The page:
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Reviewed by Ankita Shukla for Readers' Favorite
Renay Jordan has explored life beyond the boundaries of right and wrong in The Pages in Between: A Story of Love, Life & Cocktails. Lilah and Isabel are best friends. Lilah is a thirty-seven-year-old woman and has four kids: Ben, Michael, Veronica, and Maria. On the surface, her life seems perfect. Her husband loves her dearly, and she has a loving mother who is just a call away to help her. However, Isabel knows the real story of her life. Lilah is depressed and is going through periods of highs and lows -- mostly lows. Her kids -- three of whom are teenagers now -- have witnessed their mother's lows most of their lives. Isabel is a caring friend who knows how to take care of Lilah. Isabel pampers her with cocktails all the time. She is an expert in coming up with the most extraordinary recipes for cocktails. No wonder they have a happy hour every day. This hum-drum life changes when Lilah finds herself deeply attracted to one of her sons' friends, Tristan. She knows how complex and wrong this infatuation is, but she cannot resist the temptation. While Isabel tries to prevent the inevitable chaos, Tristan and Lilah throw all the caution out the window and surrender themselves to the bait.
The author has been more than creative in defining the rights and wrongs of a relationship. Although her ideas may seem outrageous to some, open-minded readers will find themselves wondering if the author has found some sort of hidden wisdom. Relationships become monotonous after a while and couples find themselves following the same pattern every day. On one hand, this routine provides comfort to some people, while others dread the monotony. This dread forces them to test the elasticity of the rules of relationships. To their dismay, they soon realize not all rules can be bent. Isabel and Lilah fall into the latter category. Their actions may seem bizarre to the majority of readers, but I could understand their motivation behind doing what they did. Their friendship is truly inspiring. Isabel worries about Lilah more than herself.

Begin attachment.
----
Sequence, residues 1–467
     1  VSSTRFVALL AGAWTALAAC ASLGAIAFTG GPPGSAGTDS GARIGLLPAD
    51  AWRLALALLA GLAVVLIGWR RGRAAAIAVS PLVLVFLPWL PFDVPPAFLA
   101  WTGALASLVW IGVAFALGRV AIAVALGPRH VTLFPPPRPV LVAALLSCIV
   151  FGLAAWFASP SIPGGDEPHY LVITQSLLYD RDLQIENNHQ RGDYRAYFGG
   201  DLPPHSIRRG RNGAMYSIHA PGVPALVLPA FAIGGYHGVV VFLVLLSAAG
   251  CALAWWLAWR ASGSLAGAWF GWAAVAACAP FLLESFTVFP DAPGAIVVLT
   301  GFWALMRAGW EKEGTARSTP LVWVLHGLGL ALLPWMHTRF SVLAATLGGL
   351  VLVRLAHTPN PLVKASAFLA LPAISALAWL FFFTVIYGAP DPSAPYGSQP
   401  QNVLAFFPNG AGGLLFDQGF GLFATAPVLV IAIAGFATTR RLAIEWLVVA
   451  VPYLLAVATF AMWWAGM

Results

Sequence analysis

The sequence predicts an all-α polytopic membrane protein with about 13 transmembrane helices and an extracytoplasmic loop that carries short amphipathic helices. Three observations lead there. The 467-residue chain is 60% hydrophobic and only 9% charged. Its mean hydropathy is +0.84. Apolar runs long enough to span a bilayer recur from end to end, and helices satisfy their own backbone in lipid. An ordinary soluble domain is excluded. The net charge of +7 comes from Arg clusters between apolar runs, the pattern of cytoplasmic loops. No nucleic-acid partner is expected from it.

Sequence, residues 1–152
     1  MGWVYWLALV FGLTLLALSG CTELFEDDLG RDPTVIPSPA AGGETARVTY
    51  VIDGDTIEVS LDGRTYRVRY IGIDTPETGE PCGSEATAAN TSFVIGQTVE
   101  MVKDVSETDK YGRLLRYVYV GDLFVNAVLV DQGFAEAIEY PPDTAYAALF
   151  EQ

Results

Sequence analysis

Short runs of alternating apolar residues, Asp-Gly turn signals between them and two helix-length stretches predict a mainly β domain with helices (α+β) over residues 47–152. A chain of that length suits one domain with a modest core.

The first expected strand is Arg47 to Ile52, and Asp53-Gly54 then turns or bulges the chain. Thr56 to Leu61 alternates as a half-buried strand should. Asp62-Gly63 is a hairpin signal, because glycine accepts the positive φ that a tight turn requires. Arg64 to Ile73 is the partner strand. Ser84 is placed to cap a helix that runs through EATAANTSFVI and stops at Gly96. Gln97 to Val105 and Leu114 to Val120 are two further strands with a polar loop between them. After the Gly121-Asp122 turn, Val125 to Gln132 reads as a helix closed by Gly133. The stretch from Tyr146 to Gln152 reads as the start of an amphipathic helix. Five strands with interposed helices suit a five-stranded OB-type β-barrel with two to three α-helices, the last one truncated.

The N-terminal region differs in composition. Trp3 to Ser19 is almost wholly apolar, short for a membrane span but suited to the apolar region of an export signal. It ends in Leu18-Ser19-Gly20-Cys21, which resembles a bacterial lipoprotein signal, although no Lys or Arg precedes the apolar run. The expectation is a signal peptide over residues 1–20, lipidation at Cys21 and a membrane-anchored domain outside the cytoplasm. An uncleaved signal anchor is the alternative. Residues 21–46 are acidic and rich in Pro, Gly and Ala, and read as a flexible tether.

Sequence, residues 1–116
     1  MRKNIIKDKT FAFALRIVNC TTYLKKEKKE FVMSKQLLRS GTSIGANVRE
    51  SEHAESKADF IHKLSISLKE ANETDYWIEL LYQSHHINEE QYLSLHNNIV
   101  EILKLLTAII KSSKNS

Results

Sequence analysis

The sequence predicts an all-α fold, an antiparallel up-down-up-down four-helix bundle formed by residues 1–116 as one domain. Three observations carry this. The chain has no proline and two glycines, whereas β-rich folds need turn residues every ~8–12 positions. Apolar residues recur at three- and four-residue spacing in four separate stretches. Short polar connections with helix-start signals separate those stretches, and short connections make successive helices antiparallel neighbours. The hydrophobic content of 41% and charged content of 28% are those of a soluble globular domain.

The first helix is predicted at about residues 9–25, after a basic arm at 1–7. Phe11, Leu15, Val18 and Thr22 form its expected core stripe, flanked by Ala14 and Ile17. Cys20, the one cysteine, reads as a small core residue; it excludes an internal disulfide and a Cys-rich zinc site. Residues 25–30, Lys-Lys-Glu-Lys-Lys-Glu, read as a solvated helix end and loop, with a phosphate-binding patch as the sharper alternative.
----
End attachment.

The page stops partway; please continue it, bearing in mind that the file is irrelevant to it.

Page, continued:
Renay Jordan knows how to tell a story. She does not write conversations that are only relevant to the plot; rather, she keeps them realistic. Isabel and Lilah talk to each other exactly how you would imagine two long-term friends' conversation. They mock, irritate, comfort, and anger each other. Their bond is stronger than any trouble that life might throw at them. Beyond friendship, the plot is filled with a romance that will get you daydreaming, moral challenges that will make you open your Bible and scratch your head, parenting troubles that will definitely remind of your own troubles as a parent if you are a parent, and sexual scenes that are sure to make you crave the same experiences. While reading The Pages in Between, I found myself involved in the characters' lives. Side characters did not fail to make an impact as well. They are all strong characters and, as a reader, I connected with all of them. I would recommend this book to readers who love romance, sex, intriguing plots, moral dilemmas, and cocktails. To me, this story is flawless.